The fixes on this new reality show, however, are strictly of the architectural variety. Why I might want caulking instructions from the long-gone 90's rapper is open to debate, but if I can learn all I need to know about biometric closet locks on "The Real Housewives of D.C.," I am certainly willing to give Vanilla Ice's show a shot.
It turns out that Vanilla Ice
, who now goes by his more sensible real name, Rob Van Winkle, has been renovating and flipping houses for the last 15 years. "I tried it once, and now I can't get enough," says the auteur of the 1990 hit "Ice Ice Baby."
"If there's a problem, yo, I'll solve it." Word. Naturally, the DIY Network jumped right on this bandwagon, and you can now witness the results on Thursdays at 9 p.m. ET.
Last night's season 1 opener
devoted itself to improving the landscaping of a 7,000-square-foot house in Palm Beach, Fla., which, like Vanilla Ice, is due for an extreme makeover. The episode, titled "Nice Nice" -- get it? -- "Landscaping" is all about curb appeal. And not a moment too soon. This old house is pretty much the shame of the neighborhood. His mission: To make it "look hot like the rest of the mansions in the hood."
"I still am Vanilla Ice," he assures us. "But when I'm not touring around the world I'm here in Palm Beach making money in real estate." Which is to say he's home a lot. Raised in Dallas and Miami, the 42-year-old spent his early teenage years break dancing. His black friends rechristened him Vanilla Ice, which he has said he never liked, but the nickname stuck. When he was 16 he wrote "Ice Ice Baby," about a drive-by shooting, and later won an American Music Award, in 1991, for favorite new pop-rock artist.
"Now you wonder why Vanilla Ice does all this stuff," he says, referring to himself in the third person. "Because I love it! This is great! It's fun!" OK, sure.
"We're gonna deck this thing out -- rock star style!" Van Winkle exclaims, yanking out dead shrubbery, putting in flowers ("I love flowers! They're great!"), planting trees ("Palms die after 30 years"), power cleaning the house's exterior ("A good alternative to painting") and installing concert-arena LED lighting. "Make sure it's not obnoxious," he advises. "You don't want to see the lights. All you want to see are the effects."
The Palm Beach house was a tax-lien property, which Van Winkle bought at auction for $400,000. It was completely trashed, gutted and neglected, inside and out. "It can sell for over a million, but for that to happen it has to look like a million dollars," he says. "Good landscaping brings buyers to the door."
"The Party Pool," at 9:30 last night, after "Nice Nice Landscaping," spotlights the overhauling of the property's swampy mosquito bed of a pool, boosting it structurally and cleaning out several years' worth of raccoon droppings and assorted other filth.
"It's important to have a pool in South Florida," Van Winkle says. "It adds beauty and it adds coolness."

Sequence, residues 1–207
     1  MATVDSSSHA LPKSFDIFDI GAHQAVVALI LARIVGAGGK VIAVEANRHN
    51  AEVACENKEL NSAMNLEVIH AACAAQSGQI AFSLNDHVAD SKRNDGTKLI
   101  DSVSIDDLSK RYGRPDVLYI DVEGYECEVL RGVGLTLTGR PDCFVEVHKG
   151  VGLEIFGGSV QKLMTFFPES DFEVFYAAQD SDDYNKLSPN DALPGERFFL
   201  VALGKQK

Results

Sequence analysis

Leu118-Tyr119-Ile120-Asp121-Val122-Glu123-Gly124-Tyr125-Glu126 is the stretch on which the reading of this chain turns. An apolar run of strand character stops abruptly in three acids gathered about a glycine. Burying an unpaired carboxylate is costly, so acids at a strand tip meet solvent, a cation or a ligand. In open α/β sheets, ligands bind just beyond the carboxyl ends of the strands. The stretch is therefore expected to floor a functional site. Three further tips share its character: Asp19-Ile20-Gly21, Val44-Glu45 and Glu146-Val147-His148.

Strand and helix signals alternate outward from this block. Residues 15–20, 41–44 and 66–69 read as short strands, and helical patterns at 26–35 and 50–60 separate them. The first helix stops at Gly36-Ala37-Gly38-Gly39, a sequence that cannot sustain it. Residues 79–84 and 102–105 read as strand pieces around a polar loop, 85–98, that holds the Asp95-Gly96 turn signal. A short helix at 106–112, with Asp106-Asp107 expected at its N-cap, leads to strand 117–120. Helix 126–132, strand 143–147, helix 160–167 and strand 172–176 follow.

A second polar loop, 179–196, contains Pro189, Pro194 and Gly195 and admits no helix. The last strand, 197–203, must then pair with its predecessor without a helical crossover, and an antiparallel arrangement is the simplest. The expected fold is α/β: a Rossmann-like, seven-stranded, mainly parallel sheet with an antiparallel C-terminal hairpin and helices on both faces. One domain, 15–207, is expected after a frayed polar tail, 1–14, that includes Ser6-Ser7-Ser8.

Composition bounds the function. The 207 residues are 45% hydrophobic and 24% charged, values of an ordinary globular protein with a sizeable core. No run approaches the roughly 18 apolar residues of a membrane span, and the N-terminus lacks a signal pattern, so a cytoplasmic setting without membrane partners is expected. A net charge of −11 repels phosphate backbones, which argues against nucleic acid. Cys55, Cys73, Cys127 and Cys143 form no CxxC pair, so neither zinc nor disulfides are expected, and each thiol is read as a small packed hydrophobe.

And here it can add $50,000 to the house's sale.
Along with the sparkling pool, Van Winkle and crew install a "sweet patio" with "killer features" like tiki torches and a fire bowl.
Aside from a quick jet ski break, he and his construction crew -- Handsome Dan, Joey, Rodney and Wes -- work hard, pounding, hoisting, building. And if "The Vanilla Ice Project" takes off, and sticks around for, say, a season 2, why not add other faded 90's pop stars to the crew, hiring, perhaps, MC Hammer, whose name, if not his talent, is just right for the job? He could use the money.
Van Winkle, who has gained a few pounds and lost the severe Brigette Nielsen blond pompadour look of his early days, moves along to rehab the rest of the house this season. The show's affinity for clunky, jokey titles continues next Thursday, with "The Master Sweet," "The Tasty New Kitchen" and "Rock Star Garage," which, if it's anything like DIY's "Man Caves," you can count me in.
The promo tells us that Van Winkle is the only "home-improvement expert with street cred," but his enterprise is no "Pimp My Ride" for real estate. While clearly the Palm Beach house is not a "Design on a Dime" renovation, the improvements here are appealing and credible.
Which may be just what Van Winkle is going for. He had long been on a "path of self-destruction," he has said, the usual sex, drugs and rock'n'roll run amok, nearly to the point of suicide, but now he seems to be channeling his energies in a more spiritually profitable direction.
But never fear, die-hard 90's fans. Vanilla Ice is not quite ready to fade away. He's got a new record, "WTF," which only cynics would swear is the true title of "The Vanilla Ice Project." But, according to the master builder himself, it really stands for "Wisdom, Tenacity, Focus."
Now, if he could only makeover and live down "Teenage Mutant Ninja Turtles II: The Secret of the Ooze."